I made a spreadsheet to compare the cumulative income we could expect by starting IRA withdrawals now and delaying Social Security until age 70, versus starting Social Security now and delaying the IRA withdrawals. The spreadsheets indicate that by taking early IRA distributions and delaying Social Security, we would get a significant increase in total cumulative income as the years go by.

We feel we need a professional to verify our results and perhaps advise us as to which might be our best route, as well as getting an assessment of our income tax implications for the next five years or so. My wife thinks we should ask a Certified Public Accountant and is concerned about the price of a fee-only advisor.

Answer: Your findings are similar to what researchers reported in the July 2018 issue of the Journal of Financial Planning. The tax torpedo increases marginal tax rates for many middle-income households. One solution is to delay Social Security until age 70 and tap IRAs instead. That maximizes the Social Security benefit while reducing future required minimum distributions.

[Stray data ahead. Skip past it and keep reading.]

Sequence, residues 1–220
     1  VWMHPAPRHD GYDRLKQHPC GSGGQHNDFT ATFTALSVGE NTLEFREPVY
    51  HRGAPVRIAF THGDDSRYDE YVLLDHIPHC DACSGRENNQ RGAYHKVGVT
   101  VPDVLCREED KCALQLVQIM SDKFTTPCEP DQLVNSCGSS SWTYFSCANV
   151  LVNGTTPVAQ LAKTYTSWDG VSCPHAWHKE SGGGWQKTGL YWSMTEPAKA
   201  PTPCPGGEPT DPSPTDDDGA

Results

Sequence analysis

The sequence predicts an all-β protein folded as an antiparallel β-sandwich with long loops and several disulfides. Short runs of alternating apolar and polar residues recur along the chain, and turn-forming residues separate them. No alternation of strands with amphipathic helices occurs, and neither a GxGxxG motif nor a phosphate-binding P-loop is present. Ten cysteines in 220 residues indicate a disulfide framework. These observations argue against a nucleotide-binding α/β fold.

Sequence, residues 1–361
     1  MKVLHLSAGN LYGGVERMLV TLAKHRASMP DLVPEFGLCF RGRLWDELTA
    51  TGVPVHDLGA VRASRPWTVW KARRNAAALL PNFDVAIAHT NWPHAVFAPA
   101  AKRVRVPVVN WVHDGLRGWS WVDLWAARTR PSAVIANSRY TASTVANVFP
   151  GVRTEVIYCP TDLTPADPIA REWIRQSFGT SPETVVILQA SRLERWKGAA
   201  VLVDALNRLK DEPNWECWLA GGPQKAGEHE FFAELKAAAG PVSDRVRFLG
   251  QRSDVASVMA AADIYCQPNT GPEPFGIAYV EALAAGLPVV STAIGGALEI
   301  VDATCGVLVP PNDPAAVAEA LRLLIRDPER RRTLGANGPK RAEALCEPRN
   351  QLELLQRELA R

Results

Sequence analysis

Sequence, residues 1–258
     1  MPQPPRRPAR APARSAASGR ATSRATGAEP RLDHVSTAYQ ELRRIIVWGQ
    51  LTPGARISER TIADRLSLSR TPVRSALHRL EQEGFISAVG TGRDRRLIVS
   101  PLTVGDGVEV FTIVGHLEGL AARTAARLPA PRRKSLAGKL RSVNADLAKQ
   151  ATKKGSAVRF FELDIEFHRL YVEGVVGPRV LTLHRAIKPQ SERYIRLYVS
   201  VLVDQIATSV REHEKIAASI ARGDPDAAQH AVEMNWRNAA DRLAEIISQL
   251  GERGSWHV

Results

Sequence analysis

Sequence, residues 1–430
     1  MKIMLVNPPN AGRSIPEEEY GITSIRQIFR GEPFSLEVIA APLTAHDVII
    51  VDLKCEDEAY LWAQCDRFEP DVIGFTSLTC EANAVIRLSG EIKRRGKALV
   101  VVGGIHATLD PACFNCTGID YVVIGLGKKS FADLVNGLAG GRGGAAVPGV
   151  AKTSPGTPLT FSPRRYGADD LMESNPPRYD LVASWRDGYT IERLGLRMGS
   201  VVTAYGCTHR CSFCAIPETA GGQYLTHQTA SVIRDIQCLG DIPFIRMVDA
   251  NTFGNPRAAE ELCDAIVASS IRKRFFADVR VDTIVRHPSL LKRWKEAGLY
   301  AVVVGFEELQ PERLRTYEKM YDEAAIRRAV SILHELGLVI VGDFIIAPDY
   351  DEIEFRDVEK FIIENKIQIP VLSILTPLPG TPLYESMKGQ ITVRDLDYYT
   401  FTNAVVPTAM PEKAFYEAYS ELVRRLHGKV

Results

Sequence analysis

It’s always a good idea to get an objective second opinion on retirement distributions, however. Mistakes can be costly and irreversible. A fee-only certified financial planner should have access to powerful software that can model various scenarios to help confirm your results and guide your next steps.

Q&A: Worried about stocks? Why you shouldn’t try to time the market

Dear Liz: I’m a federal employee with a Thrift Savings Plan account. I’m 35 and have put about $125,000 into my TSP. However, I never changed it from the low-risk G fund so it’s not gaining as much interest as it should. Should I wait for the market to tank before moving it around or is it OK to move it now due to my age and amount of time I have before retirement? I’m worried I’ll move it and I’ll lose the value in a downturn, so maybe I should wait for a downturn to act.

Answer: You sent this question a few weeks ago, before the recent correction. Did you use the downturn as an excuse to hop into the market? Or did you stay on the sidelines, worried it might drop further?

Many people in your situation get cold feet. You’re better off in the long run just diving in and not trying to time the market.